#1
Hello! I'm quite confused over choosing pickups and amp.. I had in mind getting EMG's, More specifically a 81/60 set but the problem that I'm having is that I live in apartment and I was thinking about getting a Randall solid state head that I could potentionally plug my headphones in. I'm very concered if the EMG's does sound good with SS amps and if I have to get a cab for the amp head to even work. I have a budget around 500$ for the amp so I would appreciate suggestions for other amps. If you didn't notice by the choice for the EMG's or my profile picture my music style is mostly metal.
Gear:
Schecter stealth c-1
Blackshitter ID core stereo 10w
Last edited by jonahlin01 at Aug 29, 2016,
#2
What's the point of buying an amp head if you're not going to run it through a cab? It kinda defeats the purpose if you're just going to plug in headphones. I think it would be better and cheaper for you to buy some kind of digital modelling device that you can play with headphones plugged in. Saves space, money, and is way more flexible if you don't plan to gig or practice with loud drums! As for the pickups, the pickups all have their own specific sound but it doesn't seem to me like they matter too much when you're thinking of buying a certain amp in combination with them because the amps all have their unique tone, so most of the tone comes from the amp anyways.
Who needs shred when you've got rhythm guitar? :^)
Guitars:
Jackson King V (With a Wilde L500XL in the bridge)
Ibanez Iron Label RGIX27FEQM (7-string)
#3
adexder I was thinking about buying a cab later on for light gigging and band practice.. What digital modelling device would you recommend?
Gear:
Schecter stealth c-1
Blackshitter ID core stereo 10w
#4
If you are going to buy a head, yes, you need a cabinet.

I don't know why EMGs wouldn't work with a solid state amp (I don't think it's about the technology the amp uses, it's more about whether they will work with the particular amp you want to buy), but the best way to figure that out would be going to a music store and trying the Randall amp with EMGs.

If you are going to buy a new amp, I wouldn't worry about upgrading pickups yet. See how your current pickups will work through the new amp. If it sounds good, why would you want to upgrade them? Also, if your current guitar has passive pickups, it's not as simple as just buying EMGs. You need to find a place for the battery and you may also need to change your pots. It's just not a good idea.

If you are not satisfied with your tone, the first thing you want to upgrade is your amp. And as I said, after you have bought a new amp, you may notice that you may not need to change the pickups after all.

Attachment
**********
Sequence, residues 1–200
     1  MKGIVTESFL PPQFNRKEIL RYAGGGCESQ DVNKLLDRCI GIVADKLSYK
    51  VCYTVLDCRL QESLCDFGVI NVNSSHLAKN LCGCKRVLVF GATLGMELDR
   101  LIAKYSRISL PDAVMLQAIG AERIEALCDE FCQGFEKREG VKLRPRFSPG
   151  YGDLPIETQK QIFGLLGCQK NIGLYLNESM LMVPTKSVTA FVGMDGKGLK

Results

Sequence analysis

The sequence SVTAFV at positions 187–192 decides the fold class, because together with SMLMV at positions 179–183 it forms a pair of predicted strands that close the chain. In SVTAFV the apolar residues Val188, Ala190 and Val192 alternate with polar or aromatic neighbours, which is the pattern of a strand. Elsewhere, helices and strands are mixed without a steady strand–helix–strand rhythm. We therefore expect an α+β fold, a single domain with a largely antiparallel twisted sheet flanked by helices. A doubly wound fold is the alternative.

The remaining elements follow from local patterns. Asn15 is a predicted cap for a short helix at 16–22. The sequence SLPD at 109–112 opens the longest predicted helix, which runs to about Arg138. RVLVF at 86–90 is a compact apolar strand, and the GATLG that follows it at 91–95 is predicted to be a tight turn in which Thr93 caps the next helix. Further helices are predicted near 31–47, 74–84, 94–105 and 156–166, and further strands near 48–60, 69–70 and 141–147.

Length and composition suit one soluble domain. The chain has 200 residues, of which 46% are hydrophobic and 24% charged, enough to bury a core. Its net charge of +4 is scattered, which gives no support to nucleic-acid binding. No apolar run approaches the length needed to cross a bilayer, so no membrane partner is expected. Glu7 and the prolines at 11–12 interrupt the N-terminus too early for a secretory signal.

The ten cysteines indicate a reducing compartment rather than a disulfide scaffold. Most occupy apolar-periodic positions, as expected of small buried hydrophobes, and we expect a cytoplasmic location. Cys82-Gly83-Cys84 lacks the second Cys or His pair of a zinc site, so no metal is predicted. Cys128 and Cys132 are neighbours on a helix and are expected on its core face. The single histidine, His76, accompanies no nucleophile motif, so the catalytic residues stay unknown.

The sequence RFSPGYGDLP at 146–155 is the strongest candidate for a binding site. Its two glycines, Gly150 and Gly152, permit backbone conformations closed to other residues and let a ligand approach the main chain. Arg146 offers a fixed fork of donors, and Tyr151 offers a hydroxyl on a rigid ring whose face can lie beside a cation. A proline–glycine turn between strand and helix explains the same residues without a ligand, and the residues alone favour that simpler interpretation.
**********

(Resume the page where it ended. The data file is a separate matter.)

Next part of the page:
For $500 a combo amp would make more sense than a head and a cab.
Quote by AlanHB
Just remember that there are no boring scales, just boring players.

Gear

Bach Stradivarius 37G
Charvel So Cal
Fender Dimension Bass
Hartke HyDrive 210c
Ibanez BL70
Laney VC30
Tokai TB48
Yamaha FG720S-12
Yamaha P115
Last edited by MaggaraMarine at Aug 29, 2016,
#5
I feel like a extreme beginner right now reading this XD, The pickups that are in the guitar right now aren't really made for metal I've heard and it kinda feels that way, perhaps I should just focus on getting a better amp.

The thing with the EMG's and a SS amp is that I've heard complaing about the amp clipping and making quite awful noice. So that's why I was a bit confused but I'm gonna get to my local shop and see what amps I can try out, They don't have any Randall amps which makes me feel sad... Are tube combo's good for apartments?
Gear:
Schecter stealth c-1
Blackshitter ID core stereo 10w
#6
Quote by jonahlin01
I feel like a extreme beginner right now reading this XD, The pickups that are in the guitar right now aren't really made for metal I've heard and it kinda feels that way, perhaps I should just focus on getting a better amp.


I guess we all have to start somewhere! One word: Craigslist. Craigslist is amazing for cheap items sometimes because you can try them out in person if you're at the edge of committing to buy. None of the shops in my area sell Randall amps but I saw an old Randall Warhead on craigslist in my area (That I almost bought 'cause I love the sound). Don't always look to buy new gear if you can save money buying used operational gear!